• On how having cops in the family informs his thinking on public safety – “My wife was a police officer too, my dad’s only sibling was a 36-year cop, and of course my boys are police officers” in Wheeling and San Antonio, Texas. “They certainly give me a grassroots view of what it’s like to be a police officer,” Vallas said. “It’s helped give me a sensitivity to what these police experience on a day-to-day basis.” He says his son in San Antonio received more and better redundant training, is resourced with Tasers and cameras, and has a better supervisor ratio. Vallas backs hiring more officers, including to work in Chicago Public Schools. Those officers would then be available in the summer to patrol parks, beaches and train stations near the schools they already work. “There’s 13,600 cops in the budget and I think there’s still about 1,000 short. So they haven’t filled those vacancies and they need to fill the vacancies.” He says hiring more full-time officers will cut down on overtime spending and improve police morale.
  • On his reputation for talkativeness – “Wherever I’ve gone, I’ve always been able to connect with the public. I refuse to be condescending to people, you know? I mean, yeah, my answers are too long. Someone joked that every single time I open my mouth a white paper falls out. But you know what? I’ll go to a meeting, I’ll go to every forum, and I’ll be the last one to leave because I’ll answer every question,” he said, noting he “kicked ass” in Chicago when he ran in the Democratic primary against Roland Burris and Rod Blagojevich. “I can’t change who I am and I just refuse to be anything but substantive. One would hope that the majority of the taxpayers out there would appreciate that and would take away from my candidacy the belief and the notion that I know what I’m talking about and I can solve these complicated problems.”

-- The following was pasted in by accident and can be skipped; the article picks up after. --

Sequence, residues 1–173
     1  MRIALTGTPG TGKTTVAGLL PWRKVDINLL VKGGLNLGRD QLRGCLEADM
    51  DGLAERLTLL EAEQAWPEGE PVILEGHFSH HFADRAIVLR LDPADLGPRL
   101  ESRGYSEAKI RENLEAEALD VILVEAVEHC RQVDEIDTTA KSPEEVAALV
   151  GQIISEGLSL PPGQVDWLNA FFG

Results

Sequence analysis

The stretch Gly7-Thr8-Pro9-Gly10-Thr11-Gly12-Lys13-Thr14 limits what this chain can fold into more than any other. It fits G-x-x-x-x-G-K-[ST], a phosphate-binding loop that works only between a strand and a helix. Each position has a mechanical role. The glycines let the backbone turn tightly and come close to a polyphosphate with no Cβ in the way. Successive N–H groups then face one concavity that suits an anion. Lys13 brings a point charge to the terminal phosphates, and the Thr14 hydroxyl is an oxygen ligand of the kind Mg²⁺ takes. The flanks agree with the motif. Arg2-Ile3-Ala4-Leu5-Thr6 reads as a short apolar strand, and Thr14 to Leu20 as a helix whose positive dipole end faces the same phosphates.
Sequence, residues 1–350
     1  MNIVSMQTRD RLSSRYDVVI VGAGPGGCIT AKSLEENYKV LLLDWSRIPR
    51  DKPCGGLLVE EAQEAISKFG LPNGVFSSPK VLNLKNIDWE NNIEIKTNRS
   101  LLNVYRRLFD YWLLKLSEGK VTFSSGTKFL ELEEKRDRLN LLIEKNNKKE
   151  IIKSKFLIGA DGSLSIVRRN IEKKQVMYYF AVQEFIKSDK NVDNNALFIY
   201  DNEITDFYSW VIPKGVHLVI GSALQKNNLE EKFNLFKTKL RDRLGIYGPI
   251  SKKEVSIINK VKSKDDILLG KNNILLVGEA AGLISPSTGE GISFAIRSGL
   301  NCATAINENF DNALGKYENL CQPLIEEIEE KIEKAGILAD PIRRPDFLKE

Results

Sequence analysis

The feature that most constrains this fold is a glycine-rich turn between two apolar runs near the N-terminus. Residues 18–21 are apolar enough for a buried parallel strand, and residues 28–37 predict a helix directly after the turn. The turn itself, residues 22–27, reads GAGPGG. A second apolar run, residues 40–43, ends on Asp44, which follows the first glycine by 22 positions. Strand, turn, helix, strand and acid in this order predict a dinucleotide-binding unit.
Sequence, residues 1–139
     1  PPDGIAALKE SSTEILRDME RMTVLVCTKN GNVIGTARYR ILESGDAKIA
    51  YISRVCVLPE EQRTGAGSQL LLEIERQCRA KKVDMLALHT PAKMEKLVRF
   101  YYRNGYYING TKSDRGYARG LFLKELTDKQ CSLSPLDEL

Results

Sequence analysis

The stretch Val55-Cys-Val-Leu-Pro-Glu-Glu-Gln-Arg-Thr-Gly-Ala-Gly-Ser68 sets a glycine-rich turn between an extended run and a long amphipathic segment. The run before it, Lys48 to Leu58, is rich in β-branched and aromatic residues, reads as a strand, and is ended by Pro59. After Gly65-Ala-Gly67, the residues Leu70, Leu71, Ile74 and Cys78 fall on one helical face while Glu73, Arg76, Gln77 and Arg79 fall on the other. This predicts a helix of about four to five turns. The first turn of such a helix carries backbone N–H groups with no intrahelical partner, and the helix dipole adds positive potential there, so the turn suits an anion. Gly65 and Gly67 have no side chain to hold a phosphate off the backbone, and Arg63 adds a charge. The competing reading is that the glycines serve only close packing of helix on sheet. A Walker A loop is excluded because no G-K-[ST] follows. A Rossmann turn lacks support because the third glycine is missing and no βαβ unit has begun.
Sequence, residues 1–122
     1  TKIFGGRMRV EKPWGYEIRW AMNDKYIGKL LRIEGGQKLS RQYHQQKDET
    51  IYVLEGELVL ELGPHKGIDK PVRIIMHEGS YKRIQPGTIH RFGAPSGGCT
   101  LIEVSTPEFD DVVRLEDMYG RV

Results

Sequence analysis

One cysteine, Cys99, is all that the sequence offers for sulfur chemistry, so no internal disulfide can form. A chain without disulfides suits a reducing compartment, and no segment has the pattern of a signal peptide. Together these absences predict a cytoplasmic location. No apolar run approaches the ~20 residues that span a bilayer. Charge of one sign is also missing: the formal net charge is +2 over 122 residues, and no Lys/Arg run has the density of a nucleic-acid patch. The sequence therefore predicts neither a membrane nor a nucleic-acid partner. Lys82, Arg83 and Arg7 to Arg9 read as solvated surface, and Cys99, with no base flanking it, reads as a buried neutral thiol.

• On his relationship with Gery Chico – Fellow mayoral candidate Gery Chico and Vallas time in Mayor Richard M. Daley’s administration overlapped in the mayor’s office and at Chicago Public Schools. He said the two had a fine working relationship over six years together, but “Gery had his own agenda. He wanted to be on boards and he wanted to make money. He’s a product of [Ald.] Ed Burke’s finance committee. I’ve joked that he’s abstained more from votes contracts probably more than Ed Burke has.” A 2000 Chicago Tribune investigation found Chico abstained on 359 votes at the board involving his firm’s clients, and many received “school board contracts–a total of about $577 million over four years for clients and related companies.” Vallas suggested Chico became a “made man” as a result of his service on the school board. “You want lobbying? You go to Gery Chico. You want property tax relief? You go to Burke or Madigan. You want zoning? You go to Daley George… there’s always these firms that feed off this system, this property tax system, this licensing system, this zoning system, this lobbying system. And many of these same entities are the big fundraisers…. It’s like you can’t separate the government from the political machine. They’re like conjoined twins sharing the same organ, and that organ is money.”